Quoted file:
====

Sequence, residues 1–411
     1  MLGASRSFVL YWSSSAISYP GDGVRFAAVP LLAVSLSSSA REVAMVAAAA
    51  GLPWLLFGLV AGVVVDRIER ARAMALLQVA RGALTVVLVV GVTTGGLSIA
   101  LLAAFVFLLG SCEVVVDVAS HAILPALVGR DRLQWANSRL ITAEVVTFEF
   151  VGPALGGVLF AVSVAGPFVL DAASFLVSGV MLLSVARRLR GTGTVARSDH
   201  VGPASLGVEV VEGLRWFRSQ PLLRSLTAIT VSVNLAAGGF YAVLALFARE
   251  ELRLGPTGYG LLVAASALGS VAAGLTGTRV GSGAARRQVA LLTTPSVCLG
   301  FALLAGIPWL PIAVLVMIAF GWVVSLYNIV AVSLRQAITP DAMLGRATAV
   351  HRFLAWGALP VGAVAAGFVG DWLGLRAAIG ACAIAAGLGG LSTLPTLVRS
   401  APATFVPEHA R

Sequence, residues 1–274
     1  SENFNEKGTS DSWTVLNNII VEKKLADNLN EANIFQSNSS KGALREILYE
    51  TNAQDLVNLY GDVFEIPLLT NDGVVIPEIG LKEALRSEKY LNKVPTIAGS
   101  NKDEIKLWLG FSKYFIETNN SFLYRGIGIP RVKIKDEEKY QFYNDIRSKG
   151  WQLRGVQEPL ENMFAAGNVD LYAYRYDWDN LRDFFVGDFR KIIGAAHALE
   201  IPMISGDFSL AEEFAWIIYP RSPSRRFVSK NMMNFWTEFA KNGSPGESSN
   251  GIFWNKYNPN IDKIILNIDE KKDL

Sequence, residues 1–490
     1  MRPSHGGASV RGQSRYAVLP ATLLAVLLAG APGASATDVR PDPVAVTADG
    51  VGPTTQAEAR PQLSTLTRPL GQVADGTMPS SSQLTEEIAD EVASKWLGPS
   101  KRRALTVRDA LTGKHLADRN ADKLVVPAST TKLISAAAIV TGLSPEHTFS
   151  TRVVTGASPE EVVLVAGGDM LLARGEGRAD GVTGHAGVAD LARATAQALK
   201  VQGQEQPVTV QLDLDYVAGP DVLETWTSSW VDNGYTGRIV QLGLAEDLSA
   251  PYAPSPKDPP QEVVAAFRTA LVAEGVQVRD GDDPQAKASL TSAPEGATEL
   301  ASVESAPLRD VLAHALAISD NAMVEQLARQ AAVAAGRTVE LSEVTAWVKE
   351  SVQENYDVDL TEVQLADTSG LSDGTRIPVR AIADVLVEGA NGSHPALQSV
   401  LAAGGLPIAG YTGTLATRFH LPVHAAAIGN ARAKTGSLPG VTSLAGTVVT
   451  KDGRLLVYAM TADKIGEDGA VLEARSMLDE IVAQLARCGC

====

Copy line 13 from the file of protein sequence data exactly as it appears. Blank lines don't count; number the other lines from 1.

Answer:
    51  TNAQDLVNLY GDVFEIPLLT NDGVVIPEIG LKEALRSEKY LNKVPTIAGS